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Unformatted text preview: EUROPEAN JOURNAL OF PURE AND APPLIED MATHEMATICS Vol. 3, No. 3, 2010, 347-369 ISSN 1307-5543 – www.ejpam.com S PECIAL ISSUE ON G RANGER ECONOMETRICS AND STATISTICAL MODELING DEDICATED TO THE MEMORY OF PROF. SIR CLIVE W.J. GRANGER A Modern Approach to Teaching Econometrics David F. Hendry ∗ and Bent Nielsen Economics Department, Oxford University Abstract. We explain the computer-based approach to the teaching of econometrics used in Oxford from the elementary to the advanced. The aims are to enable students to critically evaluate published applied studies and to undertake empirical research in economics. The unified theoretical framework is that of likelihood, using likelihood-ratio tests for inference and evaluation, and focusing on develop- ing well-specified empirical models of interesting economic issues. A sequence of increasingly realistic models is developed from independent, identically distributed binary data through to selecting cointe- grated equations in the face of structural breaks–in a one-year course. 2000 Mathematics Subject Classifications : 62E01, 62E07 Key Words and Phrases : Clive Granger; Teaching Econometrics; model evaluation; likelihood; struc- tural breaks Preface by David Hendry Although my first interchanges with Clive Granger involved disagreements over modeling non-stationary economic time series, that stimulus led to his famous formulation of the con- cept of cointegration, and associated developments in econometric modeling (see [ 20, 34 ] , and http://nobelprize.org/nobel_prizes/economics/laureates/2003/granger-lecture.pdf , based on [ 13 ] , and [ 7 ] ). Clive was already well known both for his ideas on causality [ 12 ] , appraised in [ 26 ] , and distinguished from exogeneity in [ 8 ] ), and for re-emphasizing the dangers in applying static regression models to integrated data (in [ 16 ] , following pio- neering research by [ 38 ] ). From my first visit to the University of California at San Diego in 1975, where Clive had moved in 1974, our friendship blossomed, built around a common ∗ Corresponding author. Email address: firstname.lastname@example.org (D. Hendry) email@example.com (B. Nielsen) http: // www.ejpam.com 347 c ⃝ 2010 EJPAM All rights reserved. D. Hendry and B. Nielsen / Eur. J. Pure Appl. Math, 3 (2010), 347-369 348 desire to improve the quality of econometric model building, especially by a better match to the empirical evidence: Clive’s contributions to doing so have been one of the most successful research programmes in econometrics, and are a lasting contribution (for formal Obituaries, see [ 29 ] , and [ 28 ] ). My own approach focused on implementing modeling methods, and led to our only joint publication [ 14 ] , discussing automatic modeling. Clive also kept the theory of economic forecasting under the spotlight when it was not in fashion [ see 15, 17 ] , another interest we had in common (including our accidentally adopting the same title in [ 3 ] ). In addition to his astonishing creativity and innovative ideas, Clive was a master of written and...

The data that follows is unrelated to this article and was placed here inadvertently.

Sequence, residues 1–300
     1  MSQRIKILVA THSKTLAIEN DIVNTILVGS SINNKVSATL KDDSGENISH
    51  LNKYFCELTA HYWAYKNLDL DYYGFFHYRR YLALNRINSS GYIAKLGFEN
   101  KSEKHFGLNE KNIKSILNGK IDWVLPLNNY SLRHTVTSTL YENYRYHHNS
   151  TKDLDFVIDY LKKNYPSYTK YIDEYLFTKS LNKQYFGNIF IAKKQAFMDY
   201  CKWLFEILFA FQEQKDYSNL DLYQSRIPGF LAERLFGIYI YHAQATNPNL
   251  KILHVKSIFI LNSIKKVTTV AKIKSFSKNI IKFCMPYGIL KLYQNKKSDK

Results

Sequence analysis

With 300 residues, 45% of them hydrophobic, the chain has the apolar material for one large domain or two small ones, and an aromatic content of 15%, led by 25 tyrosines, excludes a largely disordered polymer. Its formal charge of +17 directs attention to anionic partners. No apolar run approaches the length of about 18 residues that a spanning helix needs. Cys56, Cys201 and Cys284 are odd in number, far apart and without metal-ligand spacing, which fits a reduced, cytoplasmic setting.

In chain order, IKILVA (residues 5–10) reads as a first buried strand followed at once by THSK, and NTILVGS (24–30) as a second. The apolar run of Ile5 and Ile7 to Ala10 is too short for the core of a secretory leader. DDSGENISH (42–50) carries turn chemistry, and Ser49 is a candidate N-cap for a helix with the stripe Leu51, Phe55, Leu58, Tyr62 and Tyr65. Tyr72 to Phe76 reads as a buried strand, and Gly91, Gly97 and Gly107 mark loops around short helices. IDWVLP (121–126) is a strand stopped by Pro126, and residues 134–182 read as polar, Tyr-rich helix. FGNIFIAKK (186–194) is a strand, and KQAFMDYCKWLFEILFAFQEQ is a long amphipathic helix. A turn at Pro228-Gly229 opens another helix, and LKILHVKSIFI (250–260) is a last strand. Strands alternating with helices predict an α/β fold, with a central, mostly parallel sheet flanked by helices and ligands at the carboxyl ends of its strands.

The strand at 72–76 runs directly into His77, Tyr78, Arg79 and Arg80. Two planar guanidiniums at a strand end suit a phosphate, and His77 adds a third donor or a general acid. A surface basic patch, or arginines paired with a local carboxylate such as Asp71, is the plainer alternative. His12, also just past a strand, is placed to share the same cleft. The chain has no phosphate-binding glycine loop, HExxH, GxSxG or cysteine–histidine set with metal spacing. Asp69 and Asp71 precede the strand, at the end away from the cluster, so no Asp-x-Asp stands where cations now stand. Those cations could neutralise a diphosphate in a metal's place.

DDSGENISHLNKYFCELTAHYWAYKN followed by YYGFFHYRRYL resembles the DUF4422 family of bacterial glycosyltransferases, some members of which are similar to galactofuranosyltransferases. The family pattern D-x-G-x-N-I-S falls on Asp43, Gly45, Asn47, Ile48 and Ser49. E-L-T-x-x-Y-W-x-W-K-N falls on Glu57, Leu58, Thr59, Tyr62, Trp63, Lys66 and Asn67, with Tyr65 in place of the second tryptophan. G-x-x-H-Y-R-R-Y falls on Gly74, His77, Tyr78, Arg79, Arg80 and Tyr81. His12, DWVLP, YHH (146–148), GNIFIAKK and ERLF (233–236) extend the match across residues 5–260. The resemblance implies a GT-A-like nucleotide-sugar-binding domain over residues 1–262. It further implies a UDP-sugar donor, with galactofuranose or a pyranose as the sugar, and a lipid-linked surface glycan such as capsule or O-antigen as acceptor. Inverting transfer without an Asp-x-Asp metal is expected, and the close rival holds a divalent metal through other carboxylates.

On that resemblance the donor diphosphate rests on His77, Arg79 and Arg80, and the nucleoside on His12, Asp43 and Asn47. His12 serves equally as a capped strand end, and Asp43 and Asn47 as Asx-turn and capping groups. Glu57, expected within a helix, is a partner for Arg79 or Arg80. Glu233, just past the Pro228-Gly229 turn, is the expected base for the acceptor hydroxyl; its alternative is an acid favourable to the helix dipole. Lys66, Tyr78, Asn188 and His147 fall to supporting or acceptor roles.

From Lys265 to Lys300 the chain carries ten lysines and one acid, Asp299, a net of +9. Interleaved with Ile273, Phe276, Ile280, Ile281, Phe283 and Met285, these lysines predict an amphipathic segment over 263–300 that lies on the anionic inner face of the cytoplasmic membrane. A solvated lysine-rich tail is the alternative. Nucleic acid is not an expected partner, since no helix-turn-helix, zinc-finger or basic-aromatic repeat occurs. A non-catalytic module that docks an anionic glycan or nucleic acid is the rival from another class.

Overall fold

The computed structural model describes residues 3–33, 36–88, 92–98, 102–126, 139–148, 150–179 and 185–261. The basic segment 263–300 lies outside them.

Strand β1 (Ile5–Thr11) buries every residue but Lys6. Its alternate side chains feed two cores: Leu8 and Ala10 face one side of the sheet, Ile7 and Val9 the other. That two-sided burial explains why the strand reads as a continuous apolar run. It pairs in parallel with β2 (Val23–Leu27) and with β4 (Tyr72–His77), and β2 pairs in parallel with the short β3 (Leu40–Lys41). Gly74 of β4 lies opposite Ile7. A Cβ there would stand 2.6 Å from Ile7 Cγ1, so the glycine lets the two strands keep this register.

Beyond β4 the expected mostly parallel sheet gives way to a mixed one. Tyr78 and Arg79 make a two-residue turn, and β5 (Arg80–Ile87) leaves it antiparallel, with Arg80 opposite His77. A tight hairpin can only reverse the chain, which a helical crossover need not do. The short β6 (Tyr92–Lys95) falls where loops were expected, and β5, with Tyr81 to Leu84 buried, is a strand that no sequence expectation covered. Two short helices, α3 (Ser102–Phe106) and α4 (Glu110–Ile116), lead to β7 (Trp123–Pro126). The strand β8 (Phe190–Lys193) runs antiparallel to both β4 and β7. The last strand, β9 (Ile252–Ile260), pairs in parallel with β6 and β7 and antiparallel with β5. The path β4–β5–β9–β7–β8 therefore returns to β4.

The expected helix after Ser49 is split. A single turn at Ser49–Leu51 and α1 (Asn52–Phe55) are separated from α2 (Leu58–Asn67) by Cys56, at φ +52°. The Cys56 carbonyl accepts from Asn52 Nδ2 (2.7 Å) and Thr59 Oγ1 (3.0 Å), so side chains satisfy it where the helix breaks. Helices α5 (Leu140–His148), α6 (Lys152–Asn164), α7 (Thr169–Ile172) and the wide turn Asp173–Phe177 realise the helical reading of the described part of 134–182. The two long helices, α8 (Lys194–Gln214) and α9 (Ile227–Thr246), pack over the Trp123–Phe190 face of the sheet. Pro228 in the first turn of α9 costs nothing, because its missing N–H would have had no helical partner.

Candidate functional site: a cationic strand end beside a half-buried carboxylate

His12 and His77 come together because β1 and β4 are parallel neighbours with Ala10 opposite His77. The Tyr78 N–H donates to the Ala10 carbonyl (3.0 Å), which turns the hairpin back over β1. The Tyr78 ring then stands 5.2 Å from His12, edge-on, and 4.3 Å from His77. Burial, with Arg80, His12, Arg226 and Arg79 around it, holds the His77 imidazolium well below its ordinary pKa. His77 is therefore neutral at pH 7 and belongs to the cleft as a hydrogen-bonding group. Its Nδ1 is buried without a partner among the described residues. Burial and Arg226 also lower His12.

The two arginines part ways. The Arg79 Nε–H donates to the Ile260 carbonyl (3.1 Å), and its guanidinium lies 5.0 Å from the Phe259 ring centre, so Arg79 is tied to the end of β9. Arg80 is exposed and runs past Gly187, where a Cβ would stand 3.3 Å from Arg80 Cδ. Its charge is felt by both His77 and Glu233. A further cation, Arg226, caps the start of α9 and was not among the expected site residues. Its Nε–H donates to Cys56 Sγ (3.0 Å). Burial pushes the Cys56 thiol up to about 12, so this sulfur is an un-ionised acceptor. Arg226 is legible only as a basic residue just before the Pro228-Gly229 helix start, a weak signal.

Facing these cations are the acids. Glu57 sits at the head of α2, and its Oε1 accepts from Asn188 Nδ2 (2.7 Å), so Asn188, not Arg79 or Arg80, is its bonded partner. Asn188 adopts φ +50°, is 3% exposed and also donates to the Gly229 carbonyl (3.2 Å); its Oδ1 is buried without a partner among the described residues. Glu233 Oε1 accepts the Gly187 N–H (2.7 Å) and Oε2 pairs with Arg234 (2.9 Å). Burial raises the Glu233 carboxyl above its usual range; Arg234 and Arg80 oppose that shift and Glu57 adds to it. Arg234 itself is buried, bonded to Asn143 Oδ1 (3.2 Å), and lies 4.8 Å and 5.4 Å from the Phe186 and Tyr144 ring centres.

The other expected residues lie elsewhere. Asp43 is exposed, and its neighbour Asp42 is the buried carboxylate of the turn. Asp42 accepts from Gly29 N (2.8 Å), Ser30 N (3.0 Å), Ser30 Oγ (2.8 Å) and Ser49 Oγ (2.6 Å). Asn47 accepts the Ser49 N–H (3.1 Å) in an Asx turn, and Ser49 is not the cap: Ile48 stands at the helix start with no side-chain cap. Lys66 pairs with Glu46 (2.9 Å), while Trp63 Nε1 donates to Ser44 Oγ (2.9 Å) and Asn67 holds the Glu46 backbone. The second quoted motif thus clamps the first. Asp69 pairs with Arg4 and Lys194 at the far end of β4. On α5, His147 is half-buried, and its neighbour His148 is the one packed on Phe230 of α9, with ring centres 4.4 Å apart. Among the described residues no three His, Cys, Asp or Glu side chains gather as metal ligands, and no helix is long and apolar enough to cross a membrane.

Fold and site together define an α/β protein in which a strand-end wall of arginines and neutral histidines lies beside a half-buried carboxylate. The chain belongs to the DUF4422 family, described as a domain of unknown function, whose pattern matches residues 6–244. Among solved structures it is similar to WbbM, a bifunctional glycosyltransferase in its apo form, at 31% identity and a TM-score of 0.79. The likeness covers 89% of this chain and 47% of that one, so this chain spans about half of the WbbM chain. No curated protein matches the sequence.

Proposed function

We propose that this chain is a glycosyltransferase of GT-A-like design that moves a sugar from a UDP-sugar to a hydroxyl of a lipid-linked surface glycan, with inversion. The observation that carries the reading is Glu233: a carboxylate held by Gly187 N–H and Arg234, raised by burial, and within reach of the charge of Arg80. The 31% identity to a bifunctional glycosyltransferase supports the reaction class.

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This note was uploaded on 02/21/2012 for the course ECON 505 taught by Professor Penrose during the Spring '11 term at Boğaziçi University.
- Spring '11